“In this respect, we find it very difficult to reconcile the dissonance: on the one hand, to be the spearhead against this coup, and simultaneously to publish articles that provide a tailwind to that very coup. In terms of defensive democracy, we believe that now is the time to go on the defensive.”

Perhaps Haaretz deserves credit for admitting that it sees free speech from the Right, like Zionism, as a failed experiment. It can’t be touted as brave, however, since those to whom it caters expect nothing less. In other words, it’s playing to its loyal subscribers and echo-chamber politicians now relegated to the back benches of Israel’s – yes, democratically elected – parliament.

Taub's "pink slip"

THIS BRINGS us to the second half of the proverbial “pink slip” that greeted Taub on Wednesday. It turns out that his daring to disagree with the chattering classes’ hysterical reaction to judicial reform wasn’t the sole cause for the removal of his commentary from the pages of Haaretz.

Another was his reported association with the Mathias Corvinus Collegium educational foundation in Budapest. “As far as we know,” wrote Taub’s editor, “this is an institution that supports and is affiliated with [Hungarian Prime Minister] Viktor Orbán and lauds all the values that we at Haaretz consider dangerous and a threat to democracy. 

“It’s difficult for us to accept the fact that someone who agrees to be a part of such an institution, and all it implies, has a platform in Haaretz, which is conducting an open battle against these exact positions.” 

What these “exact positions” are isn’t specified, though the Hungarian leader is a pro-Israel conservative. And it happens that those decrying Levin’s plans to restore the balance of power between the appointed judiciary and elected legislature have been warning that if the wings of the Supreme Court are clipped at all, Israel will resemble Orbán’s Hungary. 

The joke is that few of the sheep bleating this nonsense are versed in the workings of their own branches of government, let alone Orbán’s. Random surveys at rallies would show that most participants are there for the action and virtue-signaling. Just look at their Facebook entries boasting of attendance, with selfies to prove it.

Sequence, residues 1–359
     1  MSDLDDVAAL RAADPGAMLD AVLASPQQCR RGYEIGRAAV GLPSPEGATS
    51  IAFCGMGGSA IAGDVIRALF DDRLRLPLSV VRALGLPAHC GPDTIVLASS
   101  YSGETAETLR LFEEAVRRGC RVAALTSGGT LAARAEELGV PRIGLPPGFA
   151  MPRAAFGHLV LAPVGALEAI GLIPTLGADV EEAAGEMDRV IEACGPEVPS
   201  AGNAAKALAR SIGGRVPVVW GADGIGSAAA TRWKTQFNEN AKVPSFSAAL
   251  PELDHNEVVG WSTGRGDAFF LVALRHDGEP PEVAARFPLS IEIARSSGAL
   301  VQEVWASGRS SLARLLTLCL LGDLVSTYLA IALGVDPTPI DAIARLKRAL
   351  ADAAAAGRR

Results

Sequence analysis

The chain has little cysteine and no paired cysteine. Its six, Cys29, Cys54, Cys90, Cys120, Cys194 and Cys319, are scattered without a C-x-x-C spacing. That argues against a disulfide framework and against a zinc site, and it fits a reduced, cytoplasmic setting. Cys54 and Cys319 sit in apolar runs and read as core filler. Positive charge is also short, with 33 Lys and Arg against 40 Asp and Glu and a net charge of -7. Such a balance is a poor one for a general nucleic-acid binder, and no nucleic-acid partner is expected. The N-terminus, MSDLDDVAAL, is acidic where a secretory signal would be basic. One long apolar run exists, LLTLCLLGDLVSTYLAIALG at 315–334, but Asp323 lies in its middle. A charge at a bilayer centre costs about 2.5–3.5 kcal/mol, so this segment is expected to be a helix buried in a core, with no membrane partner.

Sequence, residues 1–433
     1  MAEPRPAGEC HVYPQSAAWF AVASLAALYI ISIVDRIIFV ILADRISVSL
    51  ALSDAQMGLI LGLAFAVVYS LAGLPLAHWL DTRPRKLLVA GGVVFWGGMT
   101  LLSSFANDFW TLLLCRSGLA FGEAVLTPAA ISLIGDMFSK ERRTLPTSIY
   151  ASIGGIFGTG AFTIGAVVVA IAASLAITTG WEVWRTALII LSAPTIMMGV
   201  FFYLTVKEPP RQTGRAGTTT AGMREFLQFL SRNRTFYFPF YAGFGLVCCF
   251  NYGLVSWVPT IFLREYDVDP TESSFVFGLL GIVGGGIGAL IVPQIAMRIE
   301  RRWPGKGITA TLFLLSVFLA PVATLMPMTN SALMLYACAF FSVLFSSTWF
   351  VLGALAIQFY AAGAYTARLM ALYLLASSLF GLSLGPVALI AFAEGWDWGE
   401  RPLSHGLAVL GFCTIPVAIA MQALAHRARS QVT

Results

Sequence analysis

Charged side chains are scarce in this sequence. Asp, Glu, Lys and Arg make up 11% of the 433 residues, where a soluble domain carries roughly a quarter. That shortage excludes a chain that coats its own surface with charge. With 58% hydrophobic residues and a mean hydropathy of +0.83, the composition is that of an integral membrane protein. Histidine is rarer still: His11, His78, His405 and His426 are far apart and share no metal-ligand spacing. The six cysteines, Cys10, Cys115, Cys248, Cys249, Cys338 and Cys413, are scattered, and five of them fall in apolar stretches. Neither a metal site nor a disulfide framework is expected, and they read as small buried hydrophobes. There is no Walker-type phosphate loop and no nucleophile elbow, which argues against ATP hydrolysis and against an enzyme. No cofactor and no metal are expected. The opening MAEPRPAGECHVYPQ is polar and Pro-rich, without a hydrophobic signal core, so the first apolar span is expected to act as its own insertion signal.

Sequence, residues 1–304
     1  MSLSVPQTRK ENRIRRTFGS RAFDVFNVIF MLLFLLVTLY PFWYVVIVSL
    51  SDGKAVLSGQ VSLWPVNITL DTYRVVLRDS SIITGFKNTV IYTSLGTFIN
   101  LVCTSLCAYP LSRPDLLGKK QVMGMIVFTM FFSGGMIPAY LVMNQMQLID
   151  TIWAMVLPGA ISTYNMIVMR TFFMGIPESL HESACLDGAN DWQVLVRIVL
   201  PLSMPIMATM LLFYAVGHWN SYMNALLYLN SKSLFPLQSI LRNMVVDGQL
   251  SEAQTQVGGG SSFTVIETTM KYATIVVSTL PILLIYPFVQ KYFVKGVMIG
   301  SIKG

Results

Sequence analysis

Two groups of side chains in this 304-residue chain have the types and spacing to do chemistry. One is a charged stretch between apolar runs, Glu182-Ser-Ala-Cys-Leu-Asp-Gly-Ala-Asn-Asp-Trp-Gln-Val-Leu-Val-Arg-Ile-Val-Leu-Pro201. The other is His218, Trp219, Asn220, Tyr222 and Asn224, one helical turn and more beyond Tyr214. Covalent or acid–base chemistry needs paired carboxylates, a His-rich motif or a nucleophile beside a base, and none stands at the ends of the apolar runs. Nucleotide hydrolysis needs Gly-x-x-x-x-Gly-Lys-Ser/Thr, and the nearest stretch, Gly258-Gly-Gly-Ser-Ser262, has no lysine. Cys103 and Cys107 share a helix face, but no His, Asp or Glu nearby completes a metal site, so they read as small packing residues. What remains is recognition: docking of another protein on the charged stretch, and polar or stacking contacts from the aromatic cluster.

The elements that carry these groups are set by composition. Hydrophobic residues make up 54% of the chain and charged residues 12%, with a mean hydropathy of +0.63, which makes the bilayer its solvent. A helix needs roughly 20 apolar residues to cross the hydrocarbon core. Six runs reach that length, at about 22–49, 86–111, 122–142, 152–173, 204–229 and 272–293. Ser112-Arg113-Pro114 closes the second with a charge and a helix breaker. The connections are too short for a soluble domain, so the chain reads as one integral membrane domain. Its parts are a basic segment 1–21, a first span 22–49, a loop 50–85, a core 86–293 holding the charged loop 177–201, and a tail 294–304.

The rest of the populace already came out in far greater numbers – on Election Day – and cast ballots for parties that vowed to make judicial reform a priority. Indeed, as Taub pointed out on Wednesday in Tablet magazine: “A majority of Israeli voters made clear that they will no longer put up with the hollowing out of Israel’s democracy by the administrative state; judges, law enforcement officers, legal advisers and the bureaucracy in general will have to stop substituting their own preferences and dictates for those of the Israeli electorate.”

The protest movement against judicial reform, he stressed, “is not an effort to save [Israeli] democracy. Quite the opposite: It is an effort to save the power of the ruling progressive elite from democracy. For anyone willing to look at the details, it should have been abundantly clear that the reform would, in fact, begin to fix the anomaly of the Israeli juristocracy… moving Israel closer to the norm among Western democracies.” 

Hence the disingenuous Haaretz mantra, plastered on billboards and bus stops, that “democracy doesn’t end with elections.” Even the creators of the catchy phrase are aware that it’s a ploy to cloak the darker purpose of denigrating the essence of the Jewish state. 

For evidence, one need only look at the image on the cover of its weekend magazine last Friday: an Israeli flag with the Star of David sinking into the sea. Iran and its Palestinian proxies couldn’t have come up with a better graphic to illustrate their hopes and dreams.

Taub should celebrate his cancellation and continue to remind the majority of Israelis that their “lying eyes” are far more reliable than the false truths of democracy-doomsayers with a less-than-noble agenda.